German soldiers are growing breasts

Three quarters of the Wachbataillon have been diagnosed with the embarrassing condition.

It sounds like a joke from 'Allo, 'Allo: soldiers from a German elite fighting force are growing breasts.

According to a medical report, soldiers in the Wachbataillon unit have been slapping their rifles a bit too hard on the left side of their chests during drills.

The repeated slapping has stimulated the soldiers' glands, giving them breasts.

The condition is called one-sided gynecomastia and has affected three quarters of the battalion.

Professor Bjorn Krapohl, director of plastic surgery at the German Armed Forces Hospital of Berlin, told the German Herald: "There is a very significant link between the activity in the Guard Battalion and the development of the breast on the left side.

"They need to change the way they drill. The constant slamming of the rifles against the left hand side of the chest is clearly a significant factor."

Clearly something any well-regulated militia needs to be wary of!!

Ben Crocker
(alexdrewreed) - M

Locale: Kentucky
Poking on 01/22/2013 18:18:56 MST Print View

Luke, I hope you can tell that I'm mostly having fun at the expense of the gunners tonight.
But for the record, I am FULLY in favor of your state's natural right to secede. I think you've earned it

Lynn Tramper
(retropump) - F

Locale: The Antipodes of La Coruna
More media today from NZ on the topic on 01/22/2013 18:25:13 MST Print View

http://www.stuff.co.nz/stuff-nation/8208745/Why-America-embarrasses-us-all

HK Newman
(hknewman) - MLife

Locale: Western US
1800s-Militia being called up by the Federal government on 01/22/2013 18:25:20 MST Print View

I don't believe the Federal Government exercised any regulatory authority over the local militias back then.

Luke, actually the federal government has always had the power to mobilize militias; I've been reading up on the first militia engagement Harmar's campaign and St. Clair's Defeat during the Northwest Indian War of the late 1780s-1790's (our present day US Midwest). Seems a lot of militia were massacred outright. In response to this loss, the US reluctantly raised a standing army called the "Legion of the US" and won a decisive campaign against those tribes and their supporters ("Battle of Fallen Timbers"). Of course the Natives lost way more during the ensuring"Indian Wars". The US Civil War had militia called out to support national armies on both sides but what what really brought our modern National Guard/Reserve system were equipment standardization problems during the Spanish-American War (amateurs talk tactics, professionals talk logistics). Now Reserve and NG units can easily merge with active units (think Britain has something similar with the Home Guard). Interestingly, many states have an independent, organized "State Guard" but they weren't allowed assault weapons last I checked. That concludes what I remember from my required Military History class and subsequent reading, though who might have actually been there can set the record straight ;-)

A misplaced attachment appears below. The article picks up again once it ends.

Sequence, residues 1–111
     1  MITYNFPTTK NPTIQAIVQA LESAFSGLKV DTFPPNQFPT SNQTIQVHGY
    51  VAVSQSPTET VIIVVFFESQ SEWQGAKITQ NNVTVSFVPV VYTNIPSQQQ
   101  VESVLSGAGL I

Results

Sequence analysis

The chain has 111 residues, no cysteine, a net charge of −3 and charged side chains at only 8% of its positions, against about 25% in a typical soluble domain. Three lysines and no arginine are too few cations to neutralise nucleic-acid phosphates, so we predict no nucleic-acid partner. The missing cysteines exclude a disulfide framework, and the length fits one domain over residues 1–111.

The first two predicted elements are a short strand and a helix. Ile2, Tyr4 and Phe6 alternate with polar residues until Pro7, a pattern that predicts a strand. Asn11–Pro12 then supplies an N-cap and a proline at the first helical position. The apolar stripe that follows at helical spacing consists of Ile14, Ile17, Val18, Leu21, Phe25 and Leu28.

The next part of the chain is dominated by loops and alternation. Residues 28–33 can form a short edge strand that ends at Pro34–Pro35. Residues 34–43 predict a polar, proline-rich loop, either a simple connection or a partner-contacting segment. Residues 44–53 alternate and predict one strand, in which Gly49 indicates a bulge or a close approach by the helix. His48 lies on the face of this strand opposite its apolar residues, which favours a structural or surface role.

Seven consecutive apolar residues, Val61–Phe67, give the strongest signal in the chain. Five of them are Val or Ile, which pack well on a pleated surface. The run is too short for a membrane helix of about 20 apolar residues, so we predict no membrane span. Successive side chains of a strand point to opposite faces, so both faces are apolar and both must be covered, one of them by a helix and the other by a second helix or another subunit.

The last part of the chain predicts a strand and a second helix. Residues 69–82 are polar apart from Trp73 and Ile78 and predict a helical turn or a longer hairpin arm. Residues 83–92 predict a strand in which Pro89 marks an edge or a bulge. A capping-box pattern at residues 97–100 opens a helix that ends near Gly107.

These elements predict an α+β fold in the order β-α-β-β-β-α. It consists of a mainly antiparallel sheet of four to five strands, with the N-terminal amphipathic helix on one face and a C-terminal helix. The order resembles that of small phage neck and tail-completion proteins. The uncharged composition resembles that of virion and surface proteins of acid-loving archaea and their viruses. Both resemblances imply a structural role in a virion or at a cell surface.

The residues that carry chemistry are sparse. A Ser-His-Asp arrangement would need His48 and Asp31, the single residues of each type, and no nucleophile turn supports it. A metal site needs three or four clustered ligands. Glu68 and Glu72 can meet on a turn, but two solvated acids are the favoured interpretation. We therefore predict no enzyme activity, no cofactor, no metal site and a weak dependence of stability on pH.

Now back to your regularly scheduled program.

Edited by hknewman on 01/22/2013 18:30:19 MST.

Luke Schmidt
(Cameron) - MLife

Locale: The WOODS
Re Poking and 1800s on 01/22/2013 19:04:10 MST Print View

I try to be fair to everyone Ben:) I like the rest of the country but if Texas wants to succeed I don't think I'd leave. It would be perfect if it had more mountains.

HK I had not heard about the Northwest wars but I had heard about problems during the Spanish American War. It was well known that Washington's regulars fought better then local militia (Daniel Morgan even took this into consideration at the Battle of the Cowpens and planned on having the militia break and run).

I think the move to professionalize and standardize the Guard was a good thing but we lost the original purpose of the militia in my opinion. I think the original idea was that the citizen militia would be the first line of defense. Since citizens are not going to oppress themselves that eliminated the problem of a tyrant using the army to oppress.

Doug I.
(idester) - MLife

Locale: MidAtlantic
Re: Re: Re: Re: Re: Why do we need them? on 01/22/2013 19:06:36 MST Print View

"Mayonnaise? Now that IS unpatriotic. Or should I say British?"

Actually, very German. I fell in love with dipping fries in mayo while living in Germany. Their mayo is a bit different than ours, as well.

Craig W.
(xnomanx) - F - M
Poking and 1800s on 01/22/2013 19:14:36 MST Print View

"I like the rest of the country but if Texas wants to succeed I don't think I'd leave. It would be perfect if it had more mountains."

Texas might just succeed if people can get over wanting it to secede...

HK Newman
(hknewman) - MLife

Locale: Western US
Re: modern NG as militia on 01/22/2013 19:23:43 MST Print View